The beauty and magic of pearls have been a source of fascination and desire since their discovery in ancient times. Viewed as magic charms, symbols of purity and love, or sources of wisdom and power, pearls are one of the oldest known gems and have been revered by countless civilizations.
Legend has it that Cleopatra dissolved a large pearl in a glass of wine and drank it to impress Marc Antony with her wealth and power - a ploy that worked all too well. Knights in the Middle Ages wore pearls onto the battlefield to protect themselves from harm. Queen Elizabeth I so loved the white gems that she had them sewn on all her clothing and wore ropes of them around her neck. In addition to its fascinating beauty, the pearl occupies a unique spot in the world of precious gemstones. Instead of being found in a core of rock, a pearl is made over time by a living creature, an oyster.
Prized by man, the pearl begins its life as an irritant to the oyster. To protect itself, the oyster coats an intruding object or grain of sand with nacre, a crystalline substance that builds up over time, resulting in a shimmering, iridescent creation. The culturing process developed by man mimics nature. Pearl farmers implant a fine bead into the oyster where it cannot be expelled. The oyster does the rest and creates its lustrous masterpiece.
Types of Pearls
Akoya - This is the most familiar type of pearl sold in necklaces. Akoyas from Japan and China are grown in pearl oysters and are known for their shimmering beauty and warm colors which range from rose, cream and gold to silvery white and blue/gray.
South Sea - Large (10mm and up) cultured pearls grown in tropical and semi-tropical oysters in the South Seas and around the coast of Australia. Their color ranges from silvery white to gold; they are quite costly due to their size and rarity.
Tahitian Black - Large (10mm and up) cultured pearls grown in black-lipped oysters in French Polynesia. Colors range from silvery gray and green to deep purple and black. Their large sizes and unique colors command premium prices.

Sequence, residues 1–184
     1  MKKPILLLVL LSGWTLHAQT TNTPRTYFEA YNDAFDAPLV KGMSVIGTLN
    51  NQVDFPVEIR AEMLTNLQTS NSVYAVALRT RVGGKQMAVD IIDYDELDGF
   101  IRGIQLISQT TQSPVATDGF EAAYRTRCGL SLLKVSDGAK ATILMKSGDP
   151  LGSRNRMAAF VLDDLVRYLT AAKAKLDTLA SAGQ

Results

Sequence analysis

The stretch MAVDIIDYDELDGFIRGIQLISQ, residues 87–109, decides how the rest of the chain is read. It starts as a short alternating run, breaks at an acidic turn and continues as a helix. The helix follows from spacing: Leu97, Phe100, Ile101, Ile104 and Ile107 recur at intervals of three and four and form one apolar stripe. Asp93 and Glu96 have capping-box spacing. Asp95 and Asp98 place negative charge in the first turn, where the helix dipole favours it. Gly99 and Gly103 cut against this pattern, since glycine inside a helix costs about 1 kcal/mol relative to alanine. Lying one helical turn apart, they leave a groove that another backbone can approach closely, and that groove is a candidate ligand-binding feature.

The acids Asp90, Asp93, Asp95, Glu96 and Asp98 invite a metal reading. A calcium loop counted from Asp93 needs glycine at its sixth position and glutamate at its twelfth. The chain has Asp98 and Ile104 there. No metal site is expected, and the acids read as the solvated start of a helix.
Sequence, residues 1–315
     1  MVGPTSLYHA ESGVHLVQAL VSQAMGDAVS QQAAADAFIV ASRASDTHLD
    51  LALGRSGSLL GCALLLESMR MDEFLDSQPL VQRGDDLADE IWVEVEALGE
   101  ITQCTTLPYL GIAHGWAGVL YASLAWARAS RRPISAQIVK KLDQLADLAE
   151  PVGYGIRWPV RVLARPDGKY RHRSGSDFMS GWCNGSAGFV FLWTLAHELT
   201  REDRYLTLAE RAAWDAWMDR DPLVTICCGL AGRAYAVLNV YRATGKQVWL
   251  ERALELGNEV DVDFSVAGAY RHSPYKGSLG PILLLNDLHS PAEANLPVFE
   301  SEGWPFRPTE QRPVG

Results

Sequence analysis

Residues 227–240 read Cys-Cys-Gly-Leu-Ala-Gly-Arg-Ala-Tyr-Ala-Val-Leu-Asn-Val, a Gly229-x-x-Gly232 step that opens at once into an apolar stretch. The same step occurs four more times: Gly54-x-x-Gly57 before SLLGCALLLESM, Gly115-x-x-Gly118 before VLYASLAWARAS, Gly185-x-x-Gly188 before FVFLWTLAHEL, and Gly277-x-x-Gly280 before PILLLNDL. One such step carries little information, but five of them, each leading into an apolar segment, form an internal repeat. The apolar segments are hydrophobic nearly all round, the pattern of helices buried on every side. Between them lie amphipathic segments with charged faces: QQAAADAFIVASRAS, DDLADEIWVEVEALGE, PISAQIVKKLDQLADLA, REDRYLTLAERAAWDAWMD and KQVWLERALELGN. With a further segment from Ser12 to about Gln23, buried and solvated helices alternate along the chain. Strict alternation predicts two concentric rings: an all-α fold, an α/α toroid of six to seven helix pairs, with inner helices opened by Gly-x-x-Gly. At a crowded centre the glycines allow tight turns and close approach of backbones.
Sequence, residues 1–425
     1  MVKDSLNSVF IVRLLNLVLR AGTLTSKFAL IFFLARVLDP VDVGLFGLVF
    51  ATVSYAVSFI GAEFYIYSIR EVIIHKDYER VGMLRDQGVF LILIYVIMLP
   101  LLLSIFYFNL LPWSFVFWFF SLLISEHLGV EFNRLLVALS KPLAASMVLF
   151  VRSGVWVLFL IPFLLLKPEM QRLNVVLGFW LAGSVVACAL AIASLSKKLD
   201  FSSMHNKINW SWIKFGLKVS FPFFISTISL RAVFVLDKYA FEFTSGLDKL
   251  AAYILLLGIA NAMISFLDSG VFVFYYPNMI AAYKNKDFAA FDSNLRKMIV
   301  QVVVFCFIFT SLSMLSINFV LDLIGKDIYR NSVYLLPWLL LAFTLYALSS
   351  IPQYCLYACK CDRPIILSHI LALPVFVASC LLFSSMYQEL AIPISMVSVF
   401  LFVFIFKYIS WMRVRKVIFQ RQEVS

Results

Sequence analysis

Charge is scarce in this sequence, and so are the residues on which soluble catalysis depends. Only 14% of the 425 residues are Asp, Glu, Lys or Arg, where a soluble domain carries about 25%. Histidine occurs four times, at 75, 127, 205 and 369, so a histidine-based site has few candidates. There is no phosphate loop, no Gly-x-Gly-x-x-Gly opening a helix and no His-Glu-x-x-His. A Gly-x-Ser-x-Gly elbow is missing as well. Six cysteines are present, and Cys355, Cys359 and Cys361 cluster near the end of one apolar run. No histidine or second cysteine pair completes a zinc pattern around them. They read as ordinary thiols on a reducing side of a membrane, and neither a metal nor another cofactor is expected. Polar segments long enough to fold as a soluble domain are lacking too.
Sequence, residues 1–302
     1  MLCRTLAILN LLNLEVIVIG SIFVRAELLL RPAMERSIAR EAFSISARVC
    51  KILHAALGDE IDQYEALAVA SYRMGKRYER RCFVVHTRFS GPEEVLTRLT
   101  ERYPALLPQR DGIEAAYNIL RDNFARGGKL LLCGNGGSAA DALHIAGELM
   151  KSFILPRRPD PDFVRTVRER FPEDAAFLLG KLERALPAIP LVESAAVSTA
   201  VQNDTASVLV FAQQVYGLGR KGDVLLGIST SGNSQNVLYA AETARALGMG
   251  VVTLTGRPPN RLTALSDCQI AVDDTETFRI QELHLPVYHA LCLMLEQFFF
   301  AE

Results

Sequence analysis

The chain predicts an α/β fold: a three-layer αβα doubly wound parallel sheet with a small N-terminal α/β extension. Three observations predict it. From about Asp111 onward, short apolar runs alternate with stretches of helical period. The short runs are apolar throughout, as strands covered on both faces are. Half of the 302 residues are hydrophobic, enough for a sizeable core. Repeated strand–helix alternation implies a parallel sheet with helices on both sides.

Mabe - Large, hemispherical cultured pearls grown against the inside shells of oysters rather than in the oysters' bodies. Less expensive than round cultured pearls due to their half-round shape, they are most popular in earrings, rings and brooches.
Freshwater - Pearls cultivated in mussels, not oysters, in freshwater lakes and rivers in China, Japan and the United States. Due to their easy cultivation, freshwaters are fairly inexpensive. Shapes can be freeform, rice shaped, off-round or spherical and colors range from milky white, to peach, pink, and lavender.
Keshi - Also known as seed pearls, these tiny pearls can be as small as a grain of sand and form accidentally in many cultured pearl oysters.
Baroque - Cultured pearls that are irregularly-shaped, yet often lustrous and appealing. Due to their shapes, baroque pearls are often less costly than round, cultured pearls.
How To Buy Cultured Pearls
When purchasing a piece of cultured pearl jewelry, it's best to buy pearls from a knowledgeable, professional jeweler who can explain how to make the most of your purchase and ensure that you are getting the best quality cultured pearls within your budget. But always remember that the better the quality of pearls you select, the more valued they will be over time. Use the following quality factors to evaluate any piece of cultured pearl jewelry.
Lustre - A combination of surface brilliance and a deep glow that seems to emanate from within the heart of a pearl. The lustre of a good quality pearl should be bright, not dull, enabling you to see your own reflection clearly on the surface of a pearl. A pearl that appears too white, dull or chalky indicates poor quality.
Surface - Since cultured pearls are grown by oysters in nature, it is rare to find a pearl whose surface is free from any type of blemish. Blemishes can include disfiguring spots, bumps, pits and cracks on the surface of a pearl. The fewer blemishes on the surface of a pearl, the more valuable it will be.
Shape - It is very rare to find a perfectly round pearl, but generally, the rounder the pearl, the more valuable it is. Cultured pearls also come in oval, pear and baroque shapes.
Color - Cultured pearls come in a wide range of colors from pink to black. While the color of a pearl is often a matter of personal preference, people with fair skin tend to look best in slightly pink or silvery white pearls, while cream and golden pearls look best on those with darker complexions.